Do new “smart” technologies such as AI, robotics, social media, and automation threaten to disrupt our society? Or does technological innovation hold the potential to transform our democracies and civic societies, creating ones that are more egalitarian and accountable? Disruptive Democracy explores these questions and examines how technology has the power to reshape our civic participation, our economic and political governance, and our entire existence. In this innovative study, the authors use international examples such as Trump’s America, and Bolsonaro’s recent election as President of Brazil, to lead the discussion on perhaps the most profound political struggle of the 21st century, the coming clash between a progressive “Techno-democracy” and a regressive “Techno-populism”.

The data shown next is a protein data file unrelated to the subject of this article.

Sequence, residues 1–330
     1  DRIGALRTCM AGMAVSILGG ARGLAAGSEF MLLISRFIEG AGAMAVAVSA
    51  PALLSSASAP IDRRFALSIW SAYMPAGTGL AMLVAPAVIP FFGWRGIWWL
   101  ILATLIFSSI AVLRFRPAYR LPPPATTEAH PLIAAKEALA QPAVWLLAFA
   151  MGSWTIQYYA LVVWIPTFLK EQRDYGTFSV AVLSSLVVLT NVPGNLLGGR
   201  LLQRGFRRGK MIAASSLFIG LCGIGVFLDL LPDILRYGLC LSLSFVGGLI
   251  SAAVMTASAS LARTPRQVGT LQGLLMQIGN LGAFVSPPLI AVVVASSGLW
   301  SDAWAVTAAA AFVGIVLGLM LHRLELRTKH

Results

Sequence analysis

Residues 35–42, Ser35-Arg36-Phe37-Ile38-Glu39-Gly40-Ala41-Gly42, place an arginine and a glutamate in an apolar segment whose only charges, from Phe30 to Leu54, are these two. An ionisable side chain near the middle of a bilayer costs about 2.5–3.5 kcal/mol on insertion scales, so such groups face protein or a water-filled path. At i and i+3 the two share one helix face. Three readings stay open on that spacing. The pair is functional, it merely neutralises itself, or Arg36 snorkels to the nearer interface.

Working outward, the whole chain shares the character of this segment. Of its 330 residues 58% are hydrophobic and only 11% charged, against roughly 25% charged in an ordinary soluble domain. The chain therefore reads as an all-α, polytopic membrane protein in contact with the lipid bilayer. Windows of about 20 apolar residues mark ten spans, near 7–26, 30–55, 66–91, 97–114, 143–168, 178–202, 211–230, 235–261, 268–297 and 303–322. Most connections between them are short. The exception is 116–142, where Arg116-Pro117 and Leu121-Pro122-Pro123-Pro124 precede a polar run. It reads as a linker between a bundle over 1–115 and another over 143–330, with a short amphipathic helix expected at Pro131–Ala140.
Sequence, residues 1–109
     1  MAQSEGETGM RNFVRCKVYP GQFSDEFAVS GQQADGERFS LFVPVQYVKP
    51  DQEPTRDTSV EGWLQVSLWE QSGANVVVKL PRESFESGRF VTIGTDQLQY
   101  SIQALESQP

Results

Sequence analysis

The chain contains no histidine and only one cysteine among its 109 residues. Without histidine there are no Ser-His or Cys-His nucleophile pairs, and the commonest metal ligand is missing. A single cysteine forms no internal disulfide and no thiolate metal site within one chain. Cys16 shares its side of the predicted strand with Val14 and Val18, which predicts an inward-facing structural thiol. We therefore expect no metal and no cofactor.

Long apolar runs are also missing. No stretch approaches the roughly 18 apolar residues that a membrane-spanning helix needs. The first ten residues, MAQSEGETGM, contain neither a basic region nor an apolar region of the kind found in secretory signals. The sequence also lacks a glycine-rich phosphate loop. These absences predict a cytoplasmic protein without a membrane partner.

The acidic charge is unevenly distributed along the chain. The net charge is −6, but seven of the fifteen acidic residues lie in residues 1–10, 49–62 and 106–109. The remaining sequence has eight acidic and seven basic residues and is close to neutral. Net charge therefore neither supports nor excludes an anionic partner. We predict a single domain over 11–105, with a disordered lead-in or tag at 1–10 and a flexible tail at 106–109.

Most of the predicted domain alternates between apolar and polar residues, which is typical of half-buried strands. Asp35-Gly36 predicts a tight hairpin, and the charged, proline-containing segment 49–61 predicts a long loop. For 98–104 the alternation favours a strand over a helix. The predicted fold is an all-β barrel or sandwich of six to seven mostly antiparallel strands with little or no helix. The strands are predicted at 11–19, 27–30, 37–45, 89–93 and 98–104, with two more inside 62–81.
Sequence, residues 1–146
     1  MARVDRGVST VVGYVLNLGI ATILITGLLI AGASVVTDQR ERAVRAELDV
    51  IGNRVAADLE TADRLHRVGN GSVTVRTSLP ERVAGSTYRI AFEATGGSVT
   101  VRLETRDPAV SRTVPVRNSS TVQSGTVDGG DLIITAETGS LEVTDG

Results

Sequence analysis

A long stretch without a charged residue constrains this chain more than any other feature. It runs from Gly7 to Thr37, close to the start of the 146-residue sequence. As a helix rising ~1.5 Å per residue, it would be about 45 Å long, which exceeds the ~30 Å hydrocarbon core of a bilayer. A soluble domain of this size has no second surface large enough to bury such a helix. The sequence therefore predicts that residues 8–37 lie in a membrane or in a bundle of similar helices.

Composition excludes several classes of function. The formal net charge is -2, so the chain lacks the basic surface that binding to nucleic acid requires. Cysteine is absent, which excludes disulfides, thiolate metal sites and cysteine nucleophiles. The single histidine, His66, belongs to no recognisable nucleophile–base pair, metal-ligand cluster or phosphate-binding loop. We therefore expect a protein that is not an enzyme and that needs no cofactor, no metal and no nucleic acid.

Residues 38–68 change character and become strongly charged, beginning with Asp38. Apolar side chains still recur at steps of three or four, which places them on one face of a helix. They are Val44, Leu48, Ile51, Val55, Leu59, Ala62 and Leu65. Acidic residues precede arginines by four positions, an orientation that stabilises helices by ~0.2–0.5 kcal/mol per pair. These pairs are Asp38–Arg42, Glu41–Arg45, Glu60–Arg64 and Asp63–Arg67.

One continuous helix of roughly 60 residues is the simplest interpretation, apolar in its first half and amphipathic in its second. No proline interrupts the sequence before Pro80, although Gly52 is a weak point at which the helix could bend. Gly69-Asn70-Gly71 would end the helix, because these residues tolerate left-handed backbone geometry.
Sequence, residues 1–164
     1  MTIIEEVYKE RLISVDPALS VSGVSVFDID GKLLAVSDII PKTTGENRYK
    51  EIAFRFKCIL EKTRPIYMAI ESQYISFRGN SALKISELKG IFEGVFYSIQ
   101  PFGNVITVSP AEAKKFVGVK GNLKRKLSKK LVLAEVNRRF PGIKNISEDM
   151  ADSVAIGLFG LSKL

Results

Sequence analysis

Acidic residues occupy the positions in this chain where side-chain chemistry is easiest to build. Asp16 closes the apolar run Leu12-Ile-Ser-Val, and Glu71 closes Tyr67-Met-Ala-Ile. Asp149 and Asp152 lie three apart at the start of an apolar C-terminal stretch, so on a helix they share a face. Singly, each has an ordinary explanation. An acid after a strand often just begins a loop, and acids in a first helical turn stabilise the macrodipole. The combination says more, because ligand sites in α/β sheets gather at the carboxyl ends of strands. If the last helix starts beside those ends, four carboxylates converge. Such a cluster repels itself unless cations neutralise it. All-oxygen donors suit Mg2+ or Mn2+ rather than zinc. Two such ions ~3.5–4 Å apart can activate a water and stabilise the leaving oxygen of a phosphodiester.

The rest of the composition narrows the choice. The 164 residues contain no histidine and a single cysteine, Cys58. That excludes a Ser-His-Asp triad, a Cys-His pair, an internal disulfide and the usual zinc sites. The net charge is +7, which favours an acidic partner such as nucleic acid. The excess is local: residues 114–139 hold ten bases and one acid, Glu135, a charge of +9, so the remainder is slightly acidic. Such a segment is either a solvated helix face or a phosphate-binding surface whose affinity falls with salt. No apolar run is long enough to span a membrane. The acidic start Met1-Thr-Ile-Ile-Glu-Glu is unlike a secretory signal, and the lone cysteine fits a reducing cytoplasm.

The Clash of Techno-Politics
The end of the Cold War seemed to be signalling the beginning of a new era of peace and prosperity. The fall of the Soviet Union promised the eternal reign of liberal democracy and free markets. Francis Fukyuma proclaimed the ‘end of history’, where all major political and economic questions were answered now and forever. He declares:
What we may be witnessing is not just the end of the Cold War, or the passing of a particular period of post-war history, but the end of history as such: that is, the end point of mankind’s ideological evolution and the universalization of Western liberal democracy as the final form of human government. (Fukuyama, 1989: 3)
Politically, it seemed that ‘Pax Americana’ ...